Community’s awareness about intestinal schistosomiasis and the prevalence of infection in two endemic localities of Ethiopia
Keywords: Intestinal schistosomiasis, community’s awareness, prevalence, Ethiopia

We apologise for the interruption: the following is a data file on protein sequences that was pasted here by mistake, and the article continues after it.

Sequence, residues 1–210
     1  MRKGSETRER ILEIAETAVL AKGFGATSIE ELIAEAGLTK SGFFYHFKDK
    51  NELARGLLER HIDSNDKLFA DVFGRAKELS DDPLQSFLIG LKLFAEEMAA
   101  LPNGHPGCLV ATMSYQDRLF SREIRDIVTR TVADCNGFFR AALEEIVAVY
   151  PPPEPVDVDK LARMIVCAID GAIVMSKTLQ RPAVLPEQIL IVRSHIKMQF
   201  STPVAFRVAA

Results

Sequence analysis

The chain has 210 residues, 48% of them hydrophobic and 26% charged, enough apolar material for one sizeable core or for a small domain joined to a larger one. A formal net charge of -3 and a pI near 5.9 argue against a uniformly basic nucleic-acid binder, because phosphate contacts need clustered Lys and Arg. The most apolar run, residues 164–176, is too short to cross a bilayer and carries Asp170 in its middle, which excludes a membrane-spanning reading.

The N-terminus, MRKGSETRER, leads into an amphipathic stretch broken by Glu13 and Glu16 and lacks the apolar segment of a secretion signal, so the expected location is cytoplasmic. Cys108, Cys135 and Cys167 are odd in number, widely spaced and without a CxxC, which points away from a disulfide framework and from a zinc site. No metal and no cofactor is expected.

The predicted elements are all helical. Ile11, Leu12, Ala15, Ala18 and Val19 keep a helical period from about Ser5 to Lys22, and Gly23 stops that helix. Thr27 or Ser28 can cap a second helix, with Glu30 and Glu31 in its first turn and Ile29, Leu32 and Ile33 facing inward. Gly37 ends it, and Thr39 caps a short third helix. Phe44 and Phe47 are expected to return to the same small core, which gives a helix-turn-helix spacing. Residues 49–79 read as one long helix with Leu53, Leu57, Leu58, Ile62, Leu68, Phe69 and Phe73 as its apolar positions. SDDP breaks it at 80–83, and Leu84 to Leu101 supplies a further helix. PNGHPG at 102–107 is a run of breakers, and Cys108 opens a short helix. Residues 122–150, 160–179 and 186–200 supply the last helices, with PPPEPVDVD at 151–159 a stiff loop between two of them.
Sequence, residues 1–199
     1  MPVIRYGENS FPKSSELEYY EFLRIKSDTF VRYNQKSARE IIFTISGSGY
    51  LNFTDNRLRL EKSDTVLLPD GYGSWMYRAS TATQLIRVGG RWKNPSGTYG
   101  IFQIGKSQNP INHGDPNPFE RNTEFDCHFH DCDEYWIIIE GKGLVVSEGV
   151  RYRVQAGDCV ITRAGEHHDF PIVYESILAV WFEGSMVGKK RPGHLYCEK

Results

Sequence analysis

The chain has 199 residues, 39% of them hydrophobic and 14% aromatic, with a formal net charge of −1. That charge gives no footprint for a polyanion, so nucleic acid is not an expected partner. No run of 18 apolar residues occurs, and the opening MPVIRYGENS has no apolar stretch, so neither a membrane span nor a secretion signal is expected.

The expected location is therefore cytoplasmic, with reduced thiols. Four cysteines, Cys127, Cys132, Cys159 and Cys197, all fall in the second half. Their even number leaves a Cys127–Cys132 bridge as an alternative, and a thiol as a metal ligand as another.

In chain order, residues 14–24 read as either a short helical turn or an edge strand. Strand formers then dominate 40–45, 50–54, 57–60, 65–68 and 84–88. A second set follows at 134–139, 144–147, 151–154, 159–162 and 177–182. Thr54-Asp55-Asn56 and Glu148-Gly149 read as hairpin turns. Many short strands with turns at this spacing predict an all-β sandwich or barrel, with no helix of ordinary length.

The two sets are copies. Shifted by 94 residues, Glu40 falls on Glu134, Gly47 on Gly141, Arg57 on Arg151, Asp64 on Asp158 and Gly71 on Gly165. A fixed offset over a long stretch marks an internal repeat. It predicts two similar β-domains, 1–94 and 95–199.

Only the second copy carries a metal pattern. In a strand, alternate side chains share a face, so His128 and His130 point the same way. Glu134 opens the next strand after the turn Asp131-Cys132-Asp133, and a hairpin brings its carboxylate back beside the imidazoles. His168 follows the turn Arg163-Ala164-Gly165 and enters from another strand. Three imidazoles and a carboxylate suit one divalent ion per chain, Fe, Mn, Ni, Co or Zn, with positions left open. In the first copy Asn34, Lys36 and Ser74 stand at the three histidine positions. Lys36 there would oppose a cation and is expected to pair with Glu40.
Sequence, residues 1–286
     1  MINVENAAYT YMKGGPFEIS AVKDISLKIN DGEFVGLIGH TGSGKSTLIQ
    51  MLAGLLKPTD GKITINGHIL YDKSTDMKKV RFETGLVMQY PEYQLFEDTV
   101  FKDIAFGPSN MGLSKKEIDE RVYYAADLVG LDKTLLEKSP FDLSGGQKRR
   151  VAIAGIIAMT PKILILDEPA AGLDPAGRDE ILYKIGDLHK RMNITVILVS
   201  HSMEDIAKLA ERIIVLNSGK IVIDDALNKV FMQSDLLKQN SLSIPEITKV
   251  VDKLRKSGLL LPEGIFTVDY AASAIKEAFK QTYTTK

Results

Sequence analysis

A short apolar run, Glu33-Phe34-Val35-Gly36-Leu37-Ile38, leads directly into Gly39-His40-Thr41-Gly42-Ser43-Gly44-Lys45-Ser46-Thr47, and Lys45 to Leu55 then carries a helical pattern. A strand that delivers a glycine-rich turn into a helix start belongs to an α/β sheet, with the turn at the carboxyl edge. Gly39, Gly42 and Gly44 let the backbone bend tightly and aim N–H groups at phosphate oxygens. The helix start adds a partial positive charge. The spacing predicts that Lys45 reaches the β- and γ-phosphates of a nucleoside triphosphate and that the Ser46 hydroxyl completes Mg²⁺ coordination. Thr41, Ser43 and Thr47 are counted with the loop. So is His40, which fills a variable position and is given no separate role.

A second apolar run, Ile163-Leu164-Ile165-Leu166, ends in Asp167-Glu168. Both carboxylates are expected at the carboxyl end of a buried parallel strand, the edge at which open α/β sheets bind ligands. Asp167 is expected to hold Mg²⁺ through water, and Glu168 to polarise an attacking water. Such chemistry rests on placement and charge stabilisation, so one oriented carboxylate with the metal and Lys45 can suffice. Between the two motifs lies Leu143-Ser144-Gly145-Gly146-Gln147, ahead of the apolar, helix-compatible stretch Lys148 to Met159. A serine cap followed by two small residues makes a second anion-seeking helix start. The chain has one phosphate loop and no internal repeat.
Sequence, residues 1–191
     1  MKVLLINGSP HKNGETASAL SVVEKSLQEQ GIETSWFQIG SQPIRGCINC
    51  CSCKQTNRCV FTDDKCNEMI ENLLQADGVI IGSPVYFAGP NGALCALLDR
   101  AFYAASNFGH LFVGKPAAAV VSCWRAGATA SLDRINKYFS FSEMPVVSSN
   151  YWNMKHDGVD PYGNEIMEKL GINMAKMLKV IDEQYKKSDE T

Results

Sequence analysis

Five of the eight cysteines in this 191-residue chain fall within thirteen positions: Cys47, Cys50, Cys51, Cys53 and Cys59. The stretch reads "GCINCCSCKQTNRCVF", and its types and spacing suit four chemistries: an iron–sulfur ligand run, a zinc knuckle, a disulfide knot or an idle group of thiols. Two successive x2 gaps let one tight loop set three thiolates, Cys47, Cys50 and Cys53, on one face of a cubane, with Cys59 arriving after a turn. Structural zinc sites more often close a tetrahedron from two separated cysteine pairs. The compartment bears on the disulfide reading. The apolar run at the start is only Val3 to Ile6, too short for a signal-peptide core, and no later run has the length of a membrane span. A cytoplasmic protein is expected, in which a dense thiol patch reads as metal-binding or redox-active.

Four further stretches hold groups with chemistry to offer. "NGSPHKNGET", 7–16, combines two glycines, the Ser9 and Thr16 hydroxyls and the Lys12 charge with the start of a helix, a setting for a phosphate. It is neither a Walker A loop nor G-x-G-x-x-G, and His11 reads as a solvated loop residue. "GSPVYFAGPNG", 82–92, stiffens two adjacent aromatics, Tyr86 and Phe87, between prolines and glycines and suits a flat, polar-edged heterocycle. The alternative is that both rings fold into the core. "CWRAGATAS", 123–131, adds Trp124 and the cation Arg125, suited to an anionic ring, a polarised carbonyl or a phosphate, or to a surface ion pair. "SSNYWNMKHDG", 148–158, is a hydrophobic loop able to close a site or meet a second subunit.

AbstractBACKGROUND: Intestinal schistosomiasis caused by Schistosoma mansoni(S. mansoni) infection is a widely distributed disease in several localities of Ethiopia. However, very limited information is available on the level of community’s awareness about the disease. The aim of this study was to assess community’s awareness about intestinal schistosomiasis as well as the prevalence of the disease in two rural communities of Ethiopia. METHODS: In June 2004, a cross-sectional study on awareness and prevalence of intestinal schistosomiasis was conducted in rural communities living in Dudicha and Shesha Kekel peasant associations. RESULTS: Among 176 respondents from Dudicha, only 45 (25.6%) individuals heard about Bilharzia. Similarly, among 241 respondents from Shesha Kekel only 78 (32.4%) subjects heard about Bilharzia. The proportion of males who heard about Bilharzia was higher than that of females both in Dudicha (38% vs 7%, p< 0.001) and Shesha Kekel (51.6% vs 20%, p< 0.001). There was no significant difference in level of awareness about schistosomiasis between the two communities (Dudicha, 25. 6% vs Shesha Kekel, 32.4%, p> 0.05). Only 1(0.6%) individual from Dudicha and 6(2.5%) participants from Shesha Kekel had knowledge of the intermediate host. The prevalence of the disease was 43.2% in Dudicha and 31.6% in Shesha Kekel. The prevalence of infection was higher in males than in females in Dudicha community (56.7% vs 21.5%, p< 0.05). CONCLUSION: Although the disease was prevalent in the two sites, majority of the people had no awareness about schistosomiasis. Therefore, provision of health education could raise community’s awareness of schistosomiasis in such endemic areas of the country.
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